Originally Posted by StacyL
Councils historically are called to combat a particular heresy or assault on a dogma(s) of the Church (not so in the case of VII, obviously).
Oh, but the 7th Ecumenical Council was important and combated heresy (Iconoclasm). But then, the veneration of icons is not as important in the west as it is in Orthodoxy. "Icons safeguard a full and proper doctrine of the Incarnation." (Bishop Kallistos Ware, The Orthodox Church
, p. 33). Since Christ became flesh, he can be portrayed (as well as the Theotokos and the saints). To deny the importance of icons, is to not fully believe in the importance of the Incarnation. As my priest says, it reveals a defective Christology. Rome does have some icons, they're just not venerated as among the Orthodox - I've never seen a Catholic kiss an icon, although they are placed on walls, usually too high for veneration (kissing) that I've seen. You have the Black Madonna, a Byzantine icon of the Theotokos and Christ, much venerated among Catholics of Polish background, known as Our Lady of Czestochowa:http://en.wikipedia.org/wiki/The_Bla...of_Czestochowa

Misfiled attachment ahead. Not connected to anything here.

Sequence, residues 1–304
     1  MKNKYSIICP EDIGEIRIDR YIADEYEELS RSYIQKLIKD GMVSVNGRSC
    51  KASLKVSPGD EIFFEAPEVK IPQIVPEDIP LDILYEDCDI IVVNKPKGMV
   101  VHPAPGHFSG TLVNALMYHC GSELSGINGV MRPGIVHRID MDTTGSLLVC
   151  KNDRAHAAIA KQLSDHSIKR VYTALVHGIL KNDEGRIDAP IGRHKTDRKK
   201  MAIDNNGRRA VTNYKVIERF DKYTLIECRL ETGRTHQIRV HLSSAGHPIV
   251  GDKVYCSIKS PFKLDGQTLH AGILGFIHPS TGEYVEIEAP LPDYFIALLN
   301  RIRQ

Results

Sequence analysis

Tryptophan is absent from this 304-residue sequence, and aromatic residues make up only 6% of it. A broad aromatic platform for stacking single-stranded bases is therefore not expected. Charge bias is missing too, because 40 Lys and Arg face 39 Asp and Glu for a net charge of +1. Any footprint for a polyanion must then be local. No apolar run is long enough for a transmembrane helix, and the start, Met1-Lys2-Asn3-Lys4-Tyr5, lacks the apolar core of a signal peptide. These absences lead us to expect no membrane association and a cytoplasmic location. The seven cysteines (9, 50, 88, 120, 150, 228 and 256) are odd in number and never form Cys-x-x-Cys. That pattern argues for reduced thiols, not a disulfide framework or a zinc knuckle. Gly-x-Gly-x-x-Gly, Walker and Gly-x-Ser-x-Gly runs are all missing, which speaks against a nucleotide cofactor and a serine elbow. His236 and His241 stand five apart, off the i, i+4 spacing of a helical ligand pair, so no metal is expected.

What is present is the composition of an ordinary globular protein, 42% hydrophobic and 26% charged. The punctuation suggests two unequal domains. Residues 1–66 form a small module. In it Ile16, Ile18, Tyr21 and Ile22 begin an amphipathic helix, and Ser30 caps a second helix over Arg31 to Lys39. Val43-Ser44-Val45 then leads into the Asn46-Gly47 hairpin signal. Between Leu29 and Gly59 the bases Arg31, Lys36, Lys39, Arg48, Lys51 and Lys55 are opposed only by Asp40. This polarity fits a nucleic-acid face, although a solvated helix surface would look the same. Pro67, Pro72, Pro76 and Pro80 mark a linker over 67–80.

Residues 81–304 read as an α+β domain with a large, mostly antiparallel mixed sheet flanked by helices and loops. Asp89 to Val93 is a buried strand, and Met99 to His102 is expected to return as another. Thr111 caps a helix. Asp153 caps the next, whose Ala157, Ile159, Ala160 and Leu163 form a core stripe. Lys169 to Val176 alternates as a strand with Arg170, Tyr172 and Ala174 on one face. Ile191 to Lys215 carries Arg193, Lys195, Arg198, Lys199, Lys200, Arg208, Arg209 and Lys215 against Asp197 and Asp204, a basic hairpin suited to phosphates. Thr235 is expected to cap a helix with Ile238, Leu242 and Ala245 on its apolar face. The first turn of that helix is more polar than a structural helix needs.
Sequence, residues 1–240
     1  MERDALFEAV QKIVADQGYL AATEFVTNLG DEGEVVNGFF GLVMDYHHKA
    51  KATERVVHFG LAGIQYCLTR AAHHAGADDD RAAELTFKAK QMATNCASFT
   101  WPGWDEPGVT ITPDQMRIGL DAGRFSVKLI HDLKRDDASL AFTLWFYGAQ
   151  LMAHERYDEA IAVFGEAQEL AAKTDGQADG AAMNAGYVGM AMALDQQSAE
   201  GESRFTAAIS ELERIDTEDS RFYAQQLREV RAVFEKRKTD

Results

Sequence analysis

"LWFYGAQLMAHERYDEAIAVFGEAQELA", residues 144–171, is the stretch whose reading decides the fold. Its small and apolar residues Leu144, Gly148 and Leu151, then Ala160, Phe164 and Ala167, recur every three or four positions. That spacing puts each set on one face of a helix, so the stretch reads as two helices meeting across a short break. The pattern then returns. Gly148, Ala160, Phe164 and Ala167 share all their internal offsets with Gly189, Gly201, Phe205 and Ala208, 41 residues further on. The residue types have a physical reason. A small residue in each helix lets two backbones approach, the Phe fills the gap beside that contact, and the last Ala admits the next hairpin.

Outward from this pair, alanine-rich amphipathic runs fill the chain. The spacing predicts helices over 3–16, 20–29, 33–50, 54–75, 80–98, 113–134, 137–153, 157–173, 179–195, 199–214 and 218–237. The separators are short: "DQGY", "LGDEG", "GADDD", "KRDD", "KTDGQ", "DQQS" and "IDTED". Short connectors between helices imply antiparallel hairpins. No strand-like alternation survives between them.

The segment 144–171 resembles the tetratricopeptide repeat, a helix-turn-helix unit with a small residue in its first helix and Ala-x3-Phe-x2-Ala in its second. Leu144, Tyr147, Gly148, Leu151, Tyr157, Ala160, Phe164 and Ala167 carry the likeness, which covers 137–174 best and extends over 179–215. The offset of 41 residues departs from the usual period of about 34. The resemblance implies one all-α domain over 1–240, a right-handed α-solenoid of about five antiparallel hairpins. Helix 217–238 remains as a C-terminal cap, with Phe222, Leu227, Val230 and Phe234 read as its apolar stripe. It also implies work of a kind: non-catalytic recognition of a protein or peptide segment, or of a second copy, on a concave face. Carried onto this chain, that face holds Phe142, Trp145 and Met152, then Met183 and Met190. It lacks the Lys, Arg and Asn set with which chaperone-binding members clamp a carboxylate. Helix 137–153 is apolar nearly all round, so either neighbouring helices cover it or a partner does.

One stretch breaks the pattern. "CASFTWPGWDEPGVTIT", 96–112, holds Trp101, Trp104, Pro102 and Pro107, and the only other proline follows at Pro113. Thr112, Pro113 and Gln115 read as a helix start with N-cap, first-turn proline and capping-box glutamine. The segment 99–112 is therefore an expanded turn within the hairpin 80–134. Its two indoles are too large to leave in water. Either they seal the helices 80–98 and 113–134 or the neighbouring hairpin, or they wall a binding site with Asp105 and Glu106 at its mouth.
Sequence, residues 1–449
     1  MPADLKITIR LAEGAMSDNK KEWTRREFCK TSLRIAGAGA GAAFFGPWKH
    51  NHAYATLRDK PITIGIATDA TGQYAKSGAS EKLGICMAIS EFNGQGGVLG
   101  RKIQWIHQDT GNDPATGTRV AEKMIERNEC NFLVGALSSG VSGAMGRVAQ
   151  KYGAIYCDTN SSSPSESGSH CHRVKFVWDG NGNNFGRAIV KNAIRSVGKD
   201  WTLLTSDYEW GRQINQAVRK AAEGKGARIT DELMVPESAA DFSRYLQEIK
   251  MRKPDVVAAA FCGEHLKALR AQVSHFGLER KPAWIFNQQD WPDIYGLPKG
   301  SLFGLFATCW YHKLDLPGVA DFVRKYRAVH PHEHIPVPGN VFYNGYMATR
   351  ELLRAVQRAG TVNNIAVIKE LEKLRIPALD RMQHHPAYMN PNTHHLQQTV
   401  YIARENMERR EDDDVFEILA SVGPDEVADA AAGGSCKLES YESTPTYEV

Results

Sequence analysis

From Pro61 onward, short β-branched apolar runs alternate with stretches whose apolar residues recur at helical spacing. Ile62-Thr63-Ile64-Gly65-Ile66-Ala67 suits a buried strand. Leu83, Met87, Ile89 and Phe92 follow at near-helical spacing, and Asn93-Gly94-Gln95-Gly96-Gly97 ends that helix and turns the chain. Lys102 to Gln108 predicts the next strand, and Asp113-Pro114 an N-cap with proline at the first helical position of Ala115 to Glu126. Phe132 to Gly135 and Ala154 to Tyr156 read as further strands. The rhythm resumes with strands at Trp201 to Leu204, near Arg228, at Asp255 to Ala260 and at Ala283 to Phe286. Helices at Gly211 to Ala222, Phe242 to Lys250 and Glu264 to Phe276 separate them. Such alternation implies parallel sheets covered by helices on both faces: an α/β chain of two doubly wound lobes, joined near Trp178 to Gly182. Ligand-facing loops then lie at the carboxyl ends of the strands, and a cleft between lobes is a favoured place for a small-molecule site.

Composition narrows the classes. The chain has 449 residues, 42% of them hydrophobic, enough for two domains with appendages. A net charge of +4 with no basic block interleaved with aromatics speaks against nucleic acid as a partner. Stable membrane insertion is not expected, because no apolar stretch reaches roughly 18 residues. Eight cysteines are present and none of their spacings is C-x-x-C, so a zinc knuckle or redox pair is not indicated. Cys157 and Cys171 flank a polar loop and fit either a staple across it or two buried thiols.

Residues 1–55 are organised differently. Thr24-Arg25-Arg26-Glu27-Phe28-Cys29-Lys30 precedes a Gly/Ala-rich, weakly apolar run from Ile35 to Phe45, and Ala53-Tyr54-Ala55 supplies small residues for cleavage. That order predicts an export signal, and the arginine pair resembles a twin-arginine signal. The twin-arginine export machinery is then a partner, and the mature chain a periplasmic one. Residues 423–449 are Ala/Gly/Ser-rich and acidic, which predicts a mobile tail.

Catholics also have "Our Lady of Perpetual Help," a Byzantine icon original known as the "Theotokos of the Passion" - because the angels are carrying the instruments of the crucifixion that Christ is looking at.http://www.skete.com/index.cfm?fusea...Category_ID=27
The 7th Council was called in 787 by Empress Irene. When she died, iconoclasm reared its ugly head again under Emperor Leo V the Armenian. When the last iconoclast emperor, Theophilus, died in 842, his widow, the Empress Theodora as regent for her young son (eventually became Emperor Michael III "the Sot"), called a local council in Constantinople to affirm restoration of the icons. The icons were restored on the first Sunday of Great Lent, 843. To this day, the first Sunday of Great Lent in the Orthodox Church is known as the Sunday of Orthodoxy or the Triumph of Orthodoxy, with processions of icons in the churches.